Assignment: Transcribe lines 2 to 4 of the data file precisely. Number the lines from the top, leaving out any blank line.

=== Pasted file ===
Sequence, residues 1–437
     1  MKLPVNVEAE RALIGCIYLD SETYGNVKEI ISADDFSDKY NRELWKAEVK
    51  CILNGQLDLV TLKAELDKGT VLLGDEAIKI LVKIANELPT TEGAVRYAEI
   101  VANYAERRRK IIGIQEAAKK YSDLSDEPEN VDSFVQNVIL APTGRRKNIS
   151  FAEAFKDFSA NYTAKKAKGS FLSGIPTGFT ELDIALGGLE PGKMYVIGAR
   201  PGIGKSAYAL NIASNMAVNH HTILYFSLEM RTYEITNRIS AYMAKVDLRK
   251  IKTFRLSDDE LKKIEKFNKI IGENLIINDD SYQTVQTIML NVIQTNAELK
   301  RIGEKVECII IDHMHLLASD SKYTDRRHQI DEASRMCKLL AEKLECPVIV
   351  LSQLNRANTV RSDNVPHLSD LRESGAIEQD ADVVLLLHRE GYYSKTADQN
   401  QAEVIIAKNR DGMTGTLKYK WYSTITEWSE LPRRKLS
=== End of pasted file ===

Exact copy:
     1  MKLPVNVEAE RALIGCIYLD SETYGNVKEI ISADDFSDKY NRELWKAEVK
    51  CILNGQLDLV TLKAELDKGT VLLGDEAIKI LVKIANELPT TEGAVRYAEI
   101  VANYAERRRK IIGIQEAAKK YSDLSDEPEN VDSFVQNVIL APTGRRKNIS